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Oklahoma National Guard soldiers and airmen respond to a devastating tornado that ripped through Moore, Okla., on May 20. (Courtesy Photo/Sgt. 1st Class Kendall James/Army)
Airmen and civilians at Tinker Air Force Base, Okla., were assessing damage to their own homes Tuesday and standing by to help with recovery efforts in nearby Moore, the hardest hit of the communities devastated by a massive tornado that swept through the area Monday.
As of Tuesday afternoon, there were no reports of damage at the base — three miles north of the tornado’s deadly path. Officials said the storm killed 24 people, including nine children. More than 100 were rescued from destroyed homes, schools and a hospital.
Moore is home to many airmen and civilians from Tinker, officials from the base said.
The Air Force estimates that more than 33,000 airmen from the active-duty force, Guard and Reserve may have been affected by the storms, prompting the service to activate its Air Force Personnel Accountability and Assessment System.
All personnel living in the area or there on leave or a temporary duty assignment were directed to use the web-based system to account for themselves and their family, Air Force Personnel Center announced Tuesday. Those who need assistance were instructed to fill out the needs assessment survey.
Between 45 and 55 personnel from the base have been dispatched to Moore and 10 Humvees from the 3rd Combat Communications Group could also be sent there, said base spokeswoman Kathy Paine.
“We have four dogs standing ready since last night,” she said. “We have a Tinker trauma team being prepared in case they’re needed. Three water buffaloes en route to Moore as well.”
Twenty airmen from the Oklahoma Air National Guard are also helping with tornado relief efforts in Moore, a Guard spokeswoman said. Most of the airmen are from the 146h Air Support Operations Squadron, based at Will Rogers Air National Guard Base, Oklahoma City.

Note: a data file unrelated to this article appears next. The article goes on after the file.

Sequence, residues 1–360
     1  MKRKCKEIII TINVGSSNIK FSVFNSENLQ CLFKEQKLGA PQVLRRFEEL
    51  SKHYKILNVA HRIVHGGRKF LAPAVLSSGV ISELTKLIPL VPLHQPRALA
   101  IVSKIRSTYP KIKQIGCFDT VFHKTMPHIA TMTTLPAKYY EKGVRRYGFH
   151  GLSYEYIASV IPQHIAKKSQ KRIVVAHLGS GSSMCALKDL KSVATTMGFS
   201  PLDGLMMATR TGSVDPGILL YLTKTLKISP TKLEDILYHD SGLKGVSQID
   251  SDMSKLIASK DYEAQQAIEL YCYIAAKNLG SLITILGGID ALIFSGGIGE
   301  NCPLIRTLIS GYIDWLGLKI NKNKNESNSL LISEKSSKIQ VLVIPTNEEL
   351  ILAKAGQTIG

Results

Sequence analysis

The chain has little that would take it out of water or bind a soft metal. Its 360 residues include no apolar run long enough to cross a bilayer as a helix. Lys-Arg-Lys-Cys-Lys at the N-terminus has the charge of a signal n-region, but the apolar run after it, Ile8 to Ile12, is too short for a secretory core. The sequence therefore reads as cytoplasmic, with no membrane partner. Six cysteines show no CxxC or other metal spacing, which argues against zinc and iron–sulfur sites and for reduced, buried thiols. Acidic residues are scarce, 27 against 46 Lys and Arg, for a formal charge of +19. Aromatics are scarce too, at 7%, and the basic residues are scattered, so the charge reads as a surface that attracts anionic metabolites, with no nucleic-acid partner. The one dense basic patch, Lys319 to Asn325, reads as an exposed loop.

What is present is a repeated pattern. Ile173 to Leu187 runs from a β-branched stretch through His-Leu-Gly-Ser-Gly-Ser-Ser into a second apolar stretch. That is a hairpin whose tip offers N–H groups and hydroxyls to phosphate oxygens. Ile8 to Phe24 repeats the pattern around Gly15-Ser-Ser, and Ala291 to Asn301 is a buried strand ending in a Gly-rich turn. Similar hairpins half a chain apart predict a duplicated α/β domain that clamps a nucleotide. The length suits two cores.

The unit is using a lot of its equipment for combat, including thermal sensors and night-vision equipment, 2nd Lt. Gabriel Bird said in an interview with the Defense Video and Imagery Distribution System.
“We’re here at ground zero basically looking to get put into the search and rescue portion so we can go out with the thermal imagers and night-vision, see in the dark and hopefully help find survivors,” Bird said on Monday evening.
The thermal sensors allow the airmen to see people in the dark. The airmen also have special radios that allow them to communicate with aircraft as well as rescuers on the ground.
Because the unit is relatively new, this is the first time it has been called upon to help with an emergency, but some of the airmen have responded to natural disasters before, said Bird, who participated in relief efforts for Hurricanes Katrina, Ike and Gustav.
Tinker officials are assessing the impact on personnel, their families and the community, said Col. Russell Muncy, commander of the 507th Air Refueling Wing, in a release.
Airmen, civilians and their families who need support such as food, clothing or emergency financial assistance can call the Emergency Family Assistance Center at 405-739-2747 or 405-736-9943, according to the base’s Facebook page.
If that doesn’t work, base personnel can try calling the Airman and Family Readiness Center front desk at 405-736-9943; Director Rickie Smith’s office at 405-739-7254 or Smith’s cell phone at 405-202-9012, said Col. Steven J. Bleymaier, commander of the 72nd Air Base Wing, in an email.
The base’s Facebook page also listed contact information for food banks, the Red Cross and other organizations that can help civilians in need.